The Washington Times
By Nicholas Kralev
The Bush administration yesterday refused to back away from its demand that Iran be referred to the U.N. Security Council over its nuclear program next month, even as European allies said they will offer Tehran a deal next week.
The European Union will present Iran with one last chance to suspend its effort to enrich uranium, which can be used to make atomic bombs, in exchange for economic and trade benefits, diplomats said after an eight-nation meeting at the State Department.
"The EU-three indicated they will be presenting their idea to Iran next week," State Department spokesman Tom Casey said in reference to Britain, Germany and France, which have taken the lead on the Iran nuclear issue.
The benefits package would include access to imported nuclear fuel for peaceful purposes, as well as lifting of some EU economic penalties and opening of trade opportunities with the Islamic republic.
"The United States listened carefully to the EU-three explanations of their approach, and the EU-three agreed to inform us of the results of their efforts," Mr. Casey said.
But he said the Bush administration continued to insist that, at its next meeting on Nov. 25, the board of governors of the U.N. International Atomic Energy Agency (IAEA) should send the case to the Security Council.
"The United States has long made clear its views that Iran's confirmed non-compliance with safeguard obligations must be reported by the IAEA board to the U.N. Security Council," Mr. Casey said.
At its last meeting in September, the board gave Iran until Nov. 25 to suspend the uranium-enrichment program.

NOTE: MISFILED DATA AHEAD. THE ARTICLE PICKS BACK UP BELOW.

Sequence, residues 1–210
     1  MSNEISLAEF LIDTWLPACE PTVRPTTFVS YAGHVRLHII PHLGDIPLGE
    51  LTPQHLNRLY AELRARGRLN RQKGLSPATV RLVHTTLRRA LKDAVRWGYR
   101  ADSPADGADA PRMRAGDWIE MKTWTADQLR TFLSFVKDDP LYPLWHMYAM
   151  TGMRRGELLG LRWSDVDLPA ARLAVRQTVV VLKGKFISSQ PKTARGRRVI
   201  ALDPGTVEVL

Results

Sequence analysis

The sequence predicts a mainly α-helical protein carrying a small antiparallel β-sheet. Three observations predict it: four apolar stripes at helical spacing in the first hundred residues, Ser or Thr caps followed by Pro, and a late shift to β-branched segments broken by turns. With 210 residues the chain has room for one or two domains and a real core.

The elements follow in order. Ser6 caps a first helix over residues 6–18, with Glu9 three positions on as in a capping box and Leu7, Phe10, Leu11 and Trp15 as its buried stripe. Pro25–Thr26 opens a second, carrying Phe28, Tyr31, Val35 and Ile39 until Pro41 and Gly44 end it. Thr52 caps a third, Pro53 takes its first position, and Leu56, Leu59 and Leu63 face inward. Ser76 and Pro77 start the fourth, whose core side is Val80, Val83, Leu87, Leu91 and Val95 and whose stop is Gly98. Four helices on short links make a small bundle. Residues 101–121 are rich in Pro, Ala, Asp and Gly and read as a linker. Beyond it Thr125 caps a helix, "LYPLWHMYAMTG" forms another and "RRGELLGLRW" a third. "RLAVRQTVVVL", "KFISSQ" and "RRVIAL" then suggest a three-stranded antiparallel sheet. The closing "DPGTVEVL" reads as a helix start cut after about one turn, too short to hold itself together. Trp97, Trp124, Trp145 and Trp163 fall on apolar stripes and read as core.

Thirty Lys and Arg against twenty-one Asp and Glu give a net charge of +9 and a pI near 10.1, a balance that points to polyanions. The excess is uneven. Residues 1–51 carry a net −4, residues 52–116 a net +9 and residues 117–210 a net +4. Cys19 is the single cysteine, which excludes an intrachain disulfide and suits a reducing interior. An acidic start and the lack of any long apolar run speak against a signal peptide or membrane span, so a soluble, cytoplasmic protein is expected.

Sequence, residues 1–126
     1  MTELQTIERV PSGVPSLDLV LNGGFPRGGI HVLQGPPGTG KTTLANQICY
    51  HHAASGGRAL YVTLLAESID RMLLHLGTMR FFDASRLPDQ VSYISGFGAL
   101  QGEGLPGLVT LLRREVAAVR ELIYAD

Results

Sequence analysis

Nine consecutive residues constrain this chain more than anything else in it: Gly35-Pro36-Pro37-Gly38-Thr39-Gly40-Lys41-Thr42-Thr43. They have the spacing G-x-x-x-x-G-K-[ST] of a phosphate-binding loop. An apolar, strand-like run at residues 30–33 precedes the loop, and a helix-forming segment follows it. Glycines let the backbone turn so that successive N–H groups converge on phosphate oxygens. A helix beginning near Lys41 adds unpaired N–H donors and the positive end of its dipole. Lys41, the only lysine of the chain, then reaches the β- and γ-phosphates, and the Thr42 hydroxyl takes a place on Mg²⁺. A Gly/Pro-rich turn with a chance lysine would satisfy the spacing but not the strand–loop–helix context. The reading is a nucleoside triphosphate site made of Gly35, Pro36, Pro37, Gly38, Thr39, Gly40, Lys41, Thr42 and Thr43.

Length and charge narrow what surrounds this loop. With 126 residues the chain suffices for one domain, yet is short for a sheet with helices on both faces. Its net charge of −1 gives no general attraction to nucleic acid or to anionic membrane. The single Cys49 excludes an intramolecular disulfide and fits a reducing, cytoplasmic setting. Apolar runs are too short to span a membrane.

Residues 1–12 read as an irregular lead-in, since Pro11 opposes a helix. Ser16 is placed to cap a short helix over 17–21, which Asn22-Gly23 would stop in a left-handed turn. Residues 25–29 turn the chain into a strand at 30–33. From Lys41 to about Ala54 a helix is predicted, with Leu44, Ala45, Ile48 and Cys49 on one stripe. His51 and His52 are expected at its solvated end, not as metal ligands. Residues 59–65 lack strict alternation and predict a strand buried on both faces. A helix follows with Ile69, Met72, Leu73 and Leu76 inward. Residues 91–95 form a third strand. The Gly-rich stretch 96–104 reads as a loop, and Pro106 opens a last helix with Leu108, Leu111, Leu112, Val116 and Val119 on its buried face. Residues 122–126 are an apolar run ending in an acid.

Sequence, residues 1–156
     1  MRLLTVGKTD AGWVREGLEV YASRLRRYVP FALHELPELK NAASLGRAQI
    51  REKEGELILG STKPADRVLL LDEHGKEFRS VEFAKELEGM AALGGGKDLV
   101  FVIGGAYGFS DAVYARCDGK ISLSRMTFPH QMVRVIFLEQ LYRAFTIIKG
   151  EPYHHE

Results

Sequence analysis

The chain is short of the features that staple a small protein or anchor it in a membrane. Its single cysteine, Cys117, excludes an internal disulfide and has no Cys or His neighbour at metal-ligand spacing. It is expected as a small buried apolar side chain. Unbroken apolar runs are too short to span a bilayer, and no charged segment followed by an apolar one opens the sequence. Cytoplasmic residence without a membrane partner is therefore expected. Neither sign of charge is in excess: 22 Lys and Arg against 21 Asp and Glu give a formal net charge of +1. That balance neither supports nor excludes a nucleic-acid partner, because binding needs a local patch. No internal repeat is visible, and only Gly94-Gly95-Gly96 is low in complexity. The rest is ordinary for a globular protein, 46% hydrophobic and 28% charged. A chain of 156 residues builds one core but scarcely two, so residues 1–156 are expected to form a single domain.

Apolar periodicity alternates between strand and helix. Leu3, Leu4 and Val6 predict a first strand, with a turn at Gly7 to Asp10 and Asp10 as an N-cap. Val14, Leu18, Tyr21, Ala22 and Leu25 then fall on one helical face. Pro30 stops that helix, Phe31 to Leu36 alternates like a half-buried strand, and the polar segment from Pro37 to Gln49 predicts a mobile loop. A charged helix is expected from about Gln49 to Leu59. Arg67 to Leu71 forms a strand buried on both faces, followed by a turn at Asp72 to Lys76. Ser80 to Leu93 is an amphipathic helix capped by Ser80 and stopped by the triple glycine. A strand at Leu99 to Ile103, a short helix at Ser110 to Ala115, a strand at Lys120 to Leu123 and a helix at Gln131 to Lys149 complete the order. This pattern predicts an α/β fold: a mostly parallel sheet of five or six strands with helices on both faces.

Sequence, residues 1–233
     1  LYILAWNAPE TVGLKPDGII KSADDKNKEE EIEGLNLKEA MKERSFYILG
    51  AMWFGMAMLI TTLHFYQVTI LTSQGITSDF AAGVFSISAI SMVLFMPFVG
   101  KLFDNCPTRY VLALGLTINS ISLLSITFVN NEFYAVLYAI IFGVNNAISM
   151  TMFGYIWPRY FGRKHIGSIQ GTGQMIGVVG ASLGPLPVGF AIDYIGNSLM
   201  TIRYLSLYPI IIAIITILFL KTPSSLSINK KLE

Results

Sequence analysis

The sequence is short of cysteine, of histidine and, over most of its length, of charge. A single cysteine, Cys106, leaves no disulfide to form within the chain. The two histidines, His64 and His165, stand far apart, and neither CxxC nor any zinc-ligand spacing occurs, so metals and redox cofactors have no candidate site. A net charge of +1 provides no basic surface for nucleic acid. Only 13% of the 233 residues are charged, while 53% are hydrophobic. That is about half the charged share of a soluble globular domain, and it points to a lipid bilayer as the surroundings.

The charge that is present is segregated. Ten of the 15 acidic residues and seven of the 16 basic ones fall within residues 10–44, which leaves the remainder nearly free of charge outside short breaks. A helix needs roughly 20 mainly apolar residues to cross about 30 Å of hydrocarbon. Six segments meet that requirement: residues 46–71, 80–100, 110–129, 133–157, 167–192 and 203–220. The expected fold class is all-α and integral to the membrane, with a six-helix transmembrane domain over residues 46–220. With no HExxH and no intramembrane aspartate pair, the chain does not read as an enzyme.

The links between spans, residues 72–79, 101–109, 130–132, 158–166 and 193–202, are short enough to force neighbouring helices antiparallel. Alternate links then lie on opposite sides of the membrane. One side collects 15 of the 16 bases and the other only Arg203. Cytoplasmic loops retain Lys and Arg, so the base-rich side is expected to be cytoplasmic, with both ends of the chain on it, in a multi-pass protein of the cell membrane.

European officials said at yesterday's meeting that they still hope to convince Tehran to comply before the deadline.
"The U.S. position is a bit different from ours," a senior European diplomat said after the State Department session with officials from the Group of Eight (G-8) the United States, Britain, Japan, Canada, France, Germany, Italy and Russia.
"No government changed its position today," he added.
The three-hour meeting ended without a statement or decision.
"We did not decide on a new course of action," a U.S. official said.
The administration did not endorse the EU's benefits package. Even though U.S. officials said they told the Europeans to "go ahead" with it, they did not hide their belief that Tehran will not comply.
Iranian Foreign Minister Kamal Kharrazi said earlier this week that the European Union cannot force Iran to give up its right to enrich uranium.
"It is wrong for them to think they can, through negotiations, force Iran to stop enrichment," he told a conference in Tehran. "Iran will never give up its right to enrichment."
But diplomats at the IAEA headquarters in Vienna, Austria, were quoted by Reuters news agency yesterday as saying that Iran may be willing to comply if, along with a long list of benefits, it receives an assurance that it will not be attacked.
Diplomats said such a guarantee was not discussed at the G-8 meeting, where the United States was represented by Deputy Secretary of State Richard Armitage and John Bolton, undersecretary of state for arms control and international security.